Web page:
Repurposed Masonic temples reveal Michigan history

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The vacant Masonic Temple in downtown Lansing is under consideration for renovation as a new city hall.

Theo Scheer

The vacant Masonic Temple in downtown Lansing is under consideration for renovation as a new city hall.

Capital News Service

LANSING — Electricity still runs throughout the century-old building’s seven stories, illuminating the lime green carpets and elegant ballrooms as if they haven’t sat vacant for over a decade.

An eerie stillness permeates each floor. The illusion of a land frozen in time is broken only by the occasional missing ceiling panel and a yellow strand of construction tape.

The Boji Group, a Lansing-based real estate developer, opened up the Lansing Masonic Temple Building to the public recently to drum up support for plans to turn it into a new city hall.

The proposed make-over is far from unique. 

Across Michigan, prominent, eye-catching buildings that were originally built for Freemason use have been repurposed after their original tenants moved out. 

It’s a process that reflects the rise and fall of the once-influential organization and business owners’ desires to preserve local history.

Freemasonry, a fraternal organization that relies heavily on symbolism to guide its members’ conduct, had millions of members across the U.S. by 1930. Its temples and lodges, places for the groups to hold meetings and events, were found in many cities.

Colin Dickey, a cultural historian and professor at National University in San Diego, says that such lasting architecture is a remnant of a time when Freemasonry had a strong influence on American culture.

“Freemasonry is no longer seen as a hip cool thing for young men to do,” Dickey said. “It’s no longer seen as a way to get ahead in business or make social contacts with local bigwigs.”

“They struggle for enrollment and then, all of a sudden, they have these huge buildings and declining membership,” he said.

Repurposing those spaces is a testament to how buildings can outlast those who build them, Dickey said.

“Social groups are more fluid and ephemeral than stone and mortar,” he said.

The result is that Masonic temples can still be seen across Michigan, with many serving a new purpose.


John Hindo, the president of the Boji Group, said that seeing other businesses repurpose Masonic Temples partially inspired the idea to sell Lansing’s to the city.

“If you look at old Masonic temples around the country that have been repurposed, there’s actually been a few that have been repurposed for municipal buildings,” Hindo said. “That’s kind of where the idea came up.”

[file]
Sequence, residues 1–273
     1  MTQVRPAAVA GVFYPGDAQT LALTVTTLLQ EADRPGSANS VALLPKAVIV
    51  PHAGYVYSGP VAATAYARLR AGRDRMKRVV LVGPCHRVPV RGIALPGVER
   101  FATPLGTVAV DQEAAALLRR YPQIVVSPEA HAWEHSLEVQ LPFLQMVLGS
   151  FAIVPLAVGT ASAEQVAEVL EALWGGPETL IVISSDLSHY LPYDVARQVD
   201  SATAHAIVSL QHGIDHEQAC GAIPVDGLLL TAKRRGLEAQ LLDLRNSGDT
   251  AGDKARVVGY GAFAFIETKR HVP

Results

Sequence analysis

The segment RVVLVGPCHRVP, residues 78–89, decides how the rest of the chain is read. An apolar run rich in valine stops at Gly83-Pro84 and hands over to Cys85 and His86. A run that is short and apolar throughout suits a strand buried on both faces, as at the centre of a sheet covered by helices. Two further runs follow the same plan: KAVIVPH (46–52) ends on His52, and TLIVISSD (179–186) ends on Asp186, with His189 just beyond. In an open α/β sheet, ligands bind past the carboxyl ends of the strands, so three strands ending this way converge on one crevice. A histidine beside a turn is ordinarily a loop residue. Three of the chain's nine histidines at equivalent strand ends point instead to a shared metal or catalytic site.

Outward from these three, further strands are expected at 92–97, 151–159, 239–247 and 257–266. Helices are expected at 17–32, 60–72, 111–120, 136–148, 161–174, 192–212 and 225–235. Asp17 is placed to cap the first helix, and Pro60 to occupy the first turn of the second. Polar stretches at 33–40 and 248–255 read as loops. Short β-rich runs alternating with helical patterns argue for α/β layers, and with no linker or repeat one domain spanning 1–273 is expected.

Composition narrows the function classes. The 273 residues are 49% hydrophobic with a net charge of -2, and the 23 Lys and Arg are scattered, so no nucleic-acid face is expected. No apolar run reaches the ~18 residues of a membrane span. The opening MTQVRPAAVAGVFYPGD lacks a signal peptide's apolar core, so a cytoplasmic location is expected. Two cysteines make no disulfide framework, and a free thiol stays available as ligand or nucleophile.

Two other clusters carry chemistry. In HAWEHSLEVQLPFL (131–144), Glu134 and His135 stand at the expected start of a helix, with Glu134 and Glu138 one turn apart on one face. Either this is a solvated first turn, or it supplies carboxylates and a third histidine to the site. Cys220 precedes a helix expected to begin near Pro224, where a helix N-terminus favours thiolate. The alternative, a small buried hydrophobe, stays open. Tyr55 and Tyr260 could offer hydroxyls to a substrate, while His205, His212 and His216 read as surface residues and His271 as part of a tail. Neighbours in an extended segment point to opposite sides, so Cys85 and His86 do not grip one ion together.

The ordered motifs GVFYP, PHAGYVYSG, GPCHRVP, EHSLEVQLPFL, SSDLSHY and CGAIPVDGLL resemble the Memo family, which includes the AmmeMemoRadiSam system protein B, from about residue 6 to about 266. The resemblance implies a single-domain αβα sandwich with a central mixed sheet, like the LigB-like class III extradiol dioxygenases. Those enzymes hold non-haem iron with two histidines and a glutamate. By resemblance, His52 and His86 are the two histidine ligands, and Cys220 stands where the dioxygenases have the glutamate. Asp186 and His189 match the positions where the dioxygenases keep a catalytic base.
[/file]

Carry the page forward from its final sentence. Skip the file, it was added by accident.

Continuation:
Lansing’s first Masonic lodge was established in 1849. The growth of Freemasons’ popularity in the city inspired construction of the Masonic Temple in 1924, according to the National Register of Historic Places. It’s within blocks of the Capitol and the current city hall.

Cooley Law School bought the building in 1974 and greatly renovated its interior.

“In its heyday, there were a few thousand students in this building,” Hindo said. “Enrollment declined to the point where they didn’t need this building at all.”

The law college left the building in 2014 and it’s been vacant ever since. Boji Group bought it in 2021.

“It’s just one of many potential uses,” Hindo said of the city hall proposal. “It makes a lot of sense for the city to own it, be able to locate in it and be able to preserve some of the history of this community.”

Big Rapids

A prominent Masonic Temple was built in downtown Big Rapids in the early 1920s to support a rising Freemason culture in the area, according to the Big Rapids Pioneer.

It was nestled in the center of the city’s downtown district.

In the 1980s, the Masons relocated to a smaller facility that they still occupy. Star Shooters, a college bar now frequented by Ferris State University students, bought it.

Today, it’s home to a bar, a marijuana dispensary and an events venue.

Traverse City

Locals still refer to Front + Union — a boutique hotel in downtown Traverse City — as the “Masonic Building,” according to the business’s website.

Built in 1890, it’s hosted a wide array of businesses, including a hardware store and a barbershop.

The current owners made a point to honor its history when converting it into the hotel.

“By committing to keeping the original structure but pulling out 100 years of drywall and remodeling, we uncovered the beauty of the original brick walls, wooden planks, brick fireplaces and other hidden treasures,” according to Front + Union’s website. “By uncovering, cleaning up and reusing parts of the original construction, we can think of nothing more sustainable and, quite simply, cool.”


Detroit is home to the world’s largest Masonic Temple.

Finished in 1926 after six years of construction, it clocks in at roughly 12 million cubic feet and 210 feet tall, according to the Detroit Historical Society. It was designed to accommodate over 40 masonic lodges.

It contains a large theater, several chapels, two ornate ballrooms, a library and a massive auditorium. 

According to a local rumor, the architect, George D. Mason, committed suicide by jumping off the building. While tales of his haunting still circulate, in reality, Mason died peacefully in 1948.

Nowadays, the auditorium hosts weekly concerts. Its ballrooms, chapel, lounge, drill hall and other areas are available to rent. It’s still owned by the Masonic Temple Association of Detroit.

Detroit’s Masonic Temple on Temple Street is now a concert and events venue

Visit Detroit

Detroit’s Masonic Temple on Temple Street is now a concert and events venue
Geen stairs inside Lansing’s vacant Masonic Temple.

Theo Scheer

Geen stairs inside Lansing’s vacant Masonic Temple.

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